In 1874, the Agustin priests contracted Santiago Eastwood to carry out the remodeling works in the church exterior and interior. Santiago Eastwood, sub-contracts architects, marble masons, stucco plasterers and painters, who will work under his direction and supervision. Many of these works still remain visible in the Church.

The central nave with its vaulted ceiling is richly ornamented with different moldings and with 32 paintings of Benito Rebolledo.

The golden pulpit with an octagonal floor and ceiling can also be highlighted with golden stairways, where in the front there is a sculpture of a full bodied Saint statue, work attributed to the Bavarian Jesuits of Calera de Tango.

As mentioned, the Saint Agustin Church has been submitted to different beautification processes, “modernization” and later restorations all along their existence. What an artist creates one day is then eliminated by another as is the case of the High Altar.

The emblematic High Altar of the Saint Agustin Church, entrusted by the Augustine fathers from the sculptor Bernardo Godoy, around 1798 was built with brick masonry and polychromatic wood; in 1874 the architect Aquiles Dell’Aquila designs a new altar that is built with stone foundations, columns and brick walls, all covered in its exterior with artificial different color marble; the table and slipways are supposed to be made of natural marble. The altar built by Bernardo Godoy with these remodeling works was buried for more than a century.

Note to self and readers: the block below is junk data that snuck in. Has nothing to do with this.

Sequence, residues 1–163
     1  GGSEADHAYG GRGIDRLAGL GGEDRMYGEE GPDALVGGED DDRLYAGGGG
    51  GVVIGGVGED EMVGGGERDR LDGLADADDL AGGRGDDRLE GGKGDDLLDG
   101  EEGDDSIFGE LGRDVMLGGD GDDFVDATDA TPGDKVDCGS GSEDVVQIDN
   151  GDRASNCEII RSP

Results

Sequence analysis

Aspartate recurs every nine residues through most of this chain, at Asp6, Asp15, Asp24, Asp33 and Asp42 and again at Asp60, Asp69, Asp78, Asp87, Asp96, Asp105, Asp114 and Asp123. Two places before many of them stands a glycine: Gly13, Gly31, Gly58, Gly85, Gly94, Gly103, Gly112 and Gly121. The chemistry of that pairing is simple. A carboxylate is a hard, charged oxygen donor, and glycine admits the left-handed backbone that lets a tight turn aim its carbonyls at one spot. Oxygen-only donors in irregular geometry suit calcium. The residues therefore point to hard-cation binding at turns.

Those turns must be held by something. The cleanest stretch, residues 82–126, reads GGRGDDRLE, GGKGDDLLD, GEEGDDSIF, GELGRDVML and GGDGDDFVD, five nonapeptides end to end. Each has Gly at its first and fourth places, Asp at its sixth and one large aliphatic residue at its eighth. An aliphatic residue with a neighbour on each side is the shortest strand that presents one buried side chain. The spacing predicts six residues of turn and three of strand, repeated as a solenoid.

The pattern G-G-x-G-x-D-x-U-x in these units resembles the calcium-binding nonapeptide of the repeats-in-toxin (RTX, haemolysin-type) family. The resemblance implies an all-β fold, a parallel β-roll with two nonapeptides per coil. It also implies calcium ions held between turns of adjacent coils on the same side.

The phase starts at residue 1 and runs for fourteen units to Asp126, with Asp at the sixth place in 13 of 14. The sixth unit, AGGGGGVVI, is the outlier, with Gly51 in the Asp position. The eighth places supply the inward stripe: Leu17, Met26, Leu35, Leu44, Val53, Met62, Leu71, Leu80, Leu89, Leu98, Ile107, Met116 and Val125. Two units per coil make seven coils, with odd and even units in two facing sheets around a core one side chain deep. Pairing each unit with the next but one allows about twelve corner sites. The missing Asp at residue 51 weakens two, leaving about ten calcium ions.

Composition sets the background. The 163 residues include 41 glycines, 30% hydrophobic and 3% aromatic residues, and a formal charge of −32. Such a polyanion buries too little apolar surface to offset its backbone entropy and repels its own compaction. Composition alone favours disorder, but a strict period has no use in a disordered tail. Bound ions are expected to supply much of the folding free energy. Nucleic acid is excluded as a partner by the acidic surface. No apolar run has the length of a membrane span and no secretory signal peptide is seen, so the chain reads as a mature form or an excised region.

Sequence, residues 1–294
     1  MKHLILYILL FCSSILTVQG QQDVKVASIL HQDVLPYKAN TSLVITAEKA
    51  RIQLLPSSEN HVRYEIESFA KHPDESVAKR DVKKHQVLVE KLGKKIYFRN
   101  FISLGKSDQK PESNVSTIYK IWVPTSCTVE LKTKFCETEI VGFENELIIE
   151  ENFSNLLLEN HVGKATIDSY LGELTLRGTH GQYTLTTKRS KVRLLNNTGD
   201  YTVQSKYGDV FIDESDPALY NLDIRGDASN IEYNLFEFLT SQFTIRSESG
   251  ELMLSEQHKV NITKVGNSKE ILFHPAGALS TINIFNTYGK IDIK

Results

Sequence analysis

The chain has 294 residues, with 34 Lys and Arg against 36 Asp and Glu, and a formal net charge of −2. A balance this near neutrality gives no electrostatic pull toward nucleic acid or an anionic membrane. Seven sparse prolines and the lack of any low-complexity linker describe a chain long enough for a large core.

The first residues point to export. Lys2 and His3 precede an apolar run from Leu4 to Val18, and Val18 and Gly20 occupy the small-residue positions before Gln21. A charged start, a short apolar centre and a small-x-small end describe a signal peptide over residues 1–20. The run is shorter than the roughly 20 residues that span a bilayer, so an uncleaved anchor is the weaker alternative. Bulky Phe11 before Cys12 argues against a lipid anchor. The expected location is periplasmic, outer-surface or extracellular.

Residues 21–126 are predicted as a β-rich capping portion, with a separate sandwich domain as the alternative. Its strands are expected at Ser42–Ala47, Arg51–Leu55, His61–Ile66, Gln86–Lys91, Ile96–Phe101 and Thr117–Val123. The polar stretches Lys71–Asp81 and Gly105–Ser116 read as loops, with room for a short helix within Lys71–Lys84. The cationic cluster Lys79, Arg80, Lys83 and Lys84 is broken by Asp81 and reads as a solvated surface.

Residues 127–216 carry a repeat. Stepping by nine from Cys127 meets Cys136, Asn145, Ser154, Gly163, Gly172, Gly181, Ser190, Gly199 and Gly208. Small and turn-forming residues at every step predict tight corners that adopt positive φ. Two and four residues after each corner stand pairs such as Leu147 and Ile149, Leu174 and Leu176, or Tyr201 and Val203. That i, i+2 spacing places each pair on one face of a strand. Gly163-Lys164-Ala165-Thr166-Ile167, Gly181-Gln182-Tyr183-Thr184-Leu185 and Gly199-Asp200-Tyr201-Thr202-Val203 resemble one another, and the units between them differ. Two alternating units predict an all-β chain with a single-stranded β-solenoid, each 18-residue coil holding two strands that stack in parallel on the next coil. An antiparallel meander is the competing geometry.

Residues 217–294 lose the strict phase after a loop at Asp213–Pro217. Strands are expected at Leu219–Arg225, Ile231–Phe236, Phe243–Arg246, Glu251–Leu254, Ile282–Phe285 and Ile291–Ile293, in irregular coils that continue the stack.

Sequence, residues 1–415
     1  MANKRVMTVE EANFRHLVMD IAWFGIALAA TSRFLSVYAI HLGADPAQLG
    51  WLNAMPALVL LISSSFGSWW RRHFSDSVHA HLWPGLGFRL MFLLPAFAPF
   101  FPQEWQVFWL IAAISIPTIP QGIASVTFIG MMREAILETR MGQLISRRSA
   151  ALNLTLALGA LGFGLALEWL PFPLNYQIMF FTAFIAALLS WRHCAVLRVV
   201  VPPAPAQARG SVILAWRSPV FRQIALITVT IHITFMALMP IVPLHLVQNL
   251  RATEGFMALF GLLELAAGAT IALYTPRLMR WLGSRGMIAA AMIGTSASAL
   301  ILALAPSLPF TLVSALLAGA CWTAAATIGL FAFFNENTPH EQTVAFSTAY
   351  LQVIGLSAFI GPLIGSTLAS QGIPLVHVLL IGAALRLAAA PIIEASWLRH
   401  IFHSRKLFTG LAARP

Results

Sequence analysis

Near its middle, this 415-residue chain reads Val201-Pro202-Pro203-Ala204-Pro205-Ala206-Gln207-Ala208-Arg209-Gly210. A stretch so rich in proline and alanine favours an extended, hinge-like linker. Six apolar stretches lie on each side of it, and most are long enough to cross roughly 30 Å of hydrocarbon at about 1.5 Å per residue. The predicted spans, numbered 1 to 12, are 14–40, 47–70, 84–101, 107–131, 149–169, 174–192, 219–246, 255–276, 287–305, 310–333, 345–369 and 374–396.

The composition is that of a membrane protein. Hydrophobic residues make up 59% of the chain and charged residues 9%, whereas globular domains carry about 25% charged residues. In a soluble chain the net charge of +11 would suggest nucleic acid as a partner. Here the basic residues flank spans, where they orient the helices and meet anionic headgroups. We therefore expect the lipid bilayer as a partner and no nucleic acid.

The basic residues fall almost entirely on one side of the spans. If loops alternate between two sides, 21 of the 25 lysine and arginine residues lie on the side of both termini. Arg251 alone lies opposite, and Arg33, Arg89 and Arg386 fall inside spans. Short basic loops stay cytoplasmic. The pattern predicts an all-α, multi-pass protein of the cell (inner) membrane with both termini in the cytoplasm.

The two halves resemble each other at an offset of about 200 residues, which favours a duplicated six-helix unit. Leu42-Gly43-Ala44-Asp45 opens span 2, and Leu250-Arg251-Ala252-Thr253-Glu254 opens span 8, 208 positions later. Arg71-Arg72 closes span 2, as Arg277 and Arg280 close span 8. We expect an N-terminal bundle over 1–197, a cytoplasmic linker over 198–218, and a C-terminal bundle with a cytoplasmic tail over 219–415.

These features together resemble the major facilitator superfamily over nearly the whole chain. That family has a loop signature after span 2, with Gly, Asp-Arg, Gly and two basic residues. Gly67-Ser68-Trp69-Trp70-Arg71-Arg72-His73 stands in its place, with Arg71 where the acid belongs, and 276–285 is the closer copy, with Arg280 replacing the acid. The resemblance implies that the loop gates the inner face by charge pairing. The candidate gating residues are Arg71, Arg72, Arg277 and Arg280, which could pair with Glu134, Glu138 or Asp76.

In the last 2004 restoration, the work by Aquiles Dell’Aquila was eliminated uncovering the High Altar designed by Godoy, which we can appreciate today.

The painting of Our Lady of Grace, located in the High Altar was painted in 1874 by the Italian Helios Rodolfo Gagliardi. He painted it at the same time as the altar structure was built. Recently restored, all its colors can be appreciated.

To the left there is an image of Saint Agustin and to the right of Saint Monica (Saint Agustin’s mother), in carved wood, fire-gilt.

The lateral naves have a ceiling ornamented with different moldings, in general, to the visitor’s view it has warm and luminous colors, setting a direct connection to the heavenly.

Then we see the altars.